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Charge for a Grain of Dust on the Moon?

  1. Feb 19, 2013 #1
    1. The problem statement, all variables and given/known data
    How much charge in Coulombs is required to levitate a motionless grain of dust 10 cm above the surface of the moon? Assume the dust grain is a point mass with mg = 1*10^-9g. The gravitational acceleration at the surface of the moon is 1.6m/s^2. Assume charge on the surface of the moon acts as a point source beneath the grain equal in charge to the grain itself.


    2. Relevant equations
    E = F/q0, a = (q0/m)*E, e = 1.60*10^-19 C, E = 8.988*10^9 N*m^2/C^2


    3. The attempt at a solution
    Any help would be greatly appreciated! I figured that the first step is to find the variables known, so the acceleration is 1.6m/s^2 = (q0/(1*10^-9g))*(8.988*10^9), so would I just need to solve for q0? Thanks so much!
     
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  3. Feb 19, 2013 #2

    Simon Bridge

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    Draw a free-body diagram for the grain of dust - what are the forces acting on it?
     
  4. Feb 19, 2013 #3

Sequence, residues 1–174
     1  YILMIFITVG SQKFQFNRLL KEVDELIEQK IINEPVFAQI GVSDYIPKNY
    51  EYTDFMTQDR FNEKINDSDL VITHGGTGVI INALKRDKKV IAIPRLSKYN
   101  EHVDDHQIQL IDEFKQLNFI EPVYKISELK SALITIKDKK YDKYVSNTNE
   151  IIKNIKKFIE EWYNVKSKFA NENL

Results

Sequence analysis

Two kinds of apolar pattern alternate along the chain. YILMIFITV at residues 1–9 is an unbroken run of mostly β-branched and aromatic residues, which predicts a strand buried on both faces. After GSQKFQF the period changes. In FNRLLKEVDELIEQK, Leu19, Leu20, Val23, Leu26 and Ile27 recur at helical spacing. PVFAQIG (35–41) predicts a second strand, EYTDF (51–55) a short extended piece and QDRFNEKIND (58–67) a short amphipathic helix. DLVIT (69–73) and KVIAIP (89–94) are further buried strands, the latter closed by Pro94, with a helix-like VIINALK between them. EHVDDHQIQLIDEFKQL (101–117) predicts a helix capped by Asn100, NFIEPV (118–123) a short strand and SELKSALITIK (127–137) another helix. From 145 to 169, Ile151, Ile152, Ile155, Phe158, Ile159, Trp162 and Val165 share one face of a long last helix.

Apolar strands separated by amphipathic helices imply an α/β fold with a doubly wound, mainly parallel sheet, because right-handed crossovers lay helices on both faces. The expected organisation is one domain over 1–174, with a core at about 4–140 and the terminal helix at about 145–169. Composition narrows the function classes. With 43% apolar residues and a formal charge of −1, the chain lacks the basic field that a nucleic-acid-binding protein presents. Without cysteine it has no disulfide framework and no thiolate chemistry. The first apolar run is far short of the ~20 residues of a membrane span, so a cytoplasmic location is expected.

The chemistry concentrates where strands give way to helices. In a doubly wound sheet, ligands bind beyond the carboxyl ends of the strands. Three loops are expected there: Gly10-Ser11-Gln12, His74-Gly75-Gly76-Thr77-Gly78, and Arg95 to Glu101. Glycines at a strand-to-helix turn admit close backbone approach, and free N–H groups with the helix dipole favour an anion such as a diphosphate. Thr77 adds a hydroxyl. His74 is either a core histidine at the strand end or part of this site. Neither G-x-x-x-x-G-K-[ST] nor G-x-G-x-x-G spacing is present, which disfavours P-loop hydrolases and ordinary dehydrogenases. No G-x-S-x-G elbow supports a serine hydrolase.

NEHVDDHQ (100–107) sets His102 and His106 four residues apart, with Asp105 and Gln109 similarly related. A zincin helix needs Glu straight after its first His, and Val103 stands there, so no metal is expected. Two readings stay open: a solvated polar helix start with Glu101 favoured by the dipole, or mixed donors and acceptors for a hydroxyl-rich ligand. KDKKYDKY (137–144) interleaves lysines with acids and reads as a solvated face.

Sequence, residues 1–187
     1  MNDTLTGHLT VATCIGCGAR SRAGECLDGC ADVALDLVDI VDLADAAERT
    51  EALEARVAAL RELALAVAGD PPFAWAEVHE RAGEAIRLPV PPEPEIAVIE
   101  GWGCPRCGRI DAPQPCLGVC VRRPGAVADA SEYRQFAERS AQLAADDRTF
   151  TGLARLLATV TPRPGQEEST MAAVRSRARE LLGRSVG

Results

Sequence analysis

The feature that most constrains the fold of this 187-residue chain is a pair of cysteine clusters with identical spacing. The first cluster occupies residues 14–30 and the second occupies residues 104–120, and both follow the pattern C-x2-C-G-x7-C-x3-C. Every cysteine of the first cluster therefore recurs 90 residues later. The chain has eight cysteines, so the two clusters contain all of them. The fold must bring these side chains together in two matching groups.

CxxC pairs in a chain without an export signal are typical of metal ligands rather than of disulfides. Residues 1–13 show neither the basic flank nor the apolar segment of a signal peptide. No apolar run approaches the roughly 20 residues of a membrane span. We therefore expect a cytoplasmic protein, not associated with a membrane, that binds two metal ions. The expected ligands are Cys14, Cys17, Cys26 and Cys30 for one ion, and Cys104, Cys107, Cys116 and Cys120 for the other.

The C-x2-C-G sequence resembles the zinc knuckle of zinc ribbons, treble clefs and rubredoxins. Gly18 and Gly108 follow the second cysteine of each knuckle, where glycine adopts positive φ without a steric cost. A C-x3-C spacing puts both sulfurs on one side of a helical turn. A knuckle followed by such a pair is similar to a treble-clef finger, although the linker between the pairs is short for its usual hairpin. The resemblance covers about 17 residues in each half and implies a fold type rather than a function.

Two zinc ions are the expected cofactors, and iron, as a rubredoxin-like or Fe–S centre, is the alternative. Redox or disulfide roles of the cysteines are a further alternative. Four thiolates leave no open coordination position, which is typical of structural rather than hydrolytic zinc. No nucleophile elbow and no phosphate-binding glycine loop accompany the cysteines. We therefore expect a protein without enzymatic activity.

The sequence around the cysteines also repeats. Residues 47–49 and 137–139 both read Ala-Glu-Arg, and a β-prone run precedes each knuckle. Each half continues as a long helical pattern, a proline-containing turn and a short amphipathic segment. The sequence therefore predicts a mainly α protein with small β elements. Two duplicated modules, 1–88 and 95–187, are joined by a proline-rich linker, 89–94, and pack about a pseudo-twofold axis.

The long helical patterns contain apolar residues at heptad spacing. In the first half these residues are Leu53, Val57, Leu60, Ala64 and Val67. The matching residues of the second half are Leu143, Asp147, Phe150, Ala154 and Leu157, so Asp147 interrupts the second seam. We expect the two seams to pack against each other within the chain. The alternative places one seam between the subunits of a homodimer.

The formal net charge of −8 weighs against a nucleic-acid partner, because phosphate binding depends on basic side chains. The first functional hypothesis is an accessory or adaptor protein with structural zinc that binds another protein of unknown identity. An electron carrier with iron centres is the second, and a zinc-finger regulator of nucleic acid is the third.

Would there only be one force against it towards the surface of the moon? Or is there also one from the moon pointing towards the grain?
     
  5. Feb 19, 2013 #4
    What about if I used the equation Fnet = m * a, which would be 1.6*10^-9?
     
  6. Feb 20, 2013 #5

    Simon Bridge

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    That statement is meaningless.
    However - if the dust thingy is levitating, doesn't that mean the net force on it is zero?
     
  7. Feb 20, 2013 #6
    Sure, so if the net force is zero, then would I need an equation using the acceleration? Thanks for your help.
     
  8. Feb 20, 2013 #7

    Simon Bridge

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    Have you drawn the free body diagram?
    Have you identified the different forces on the dust?
     
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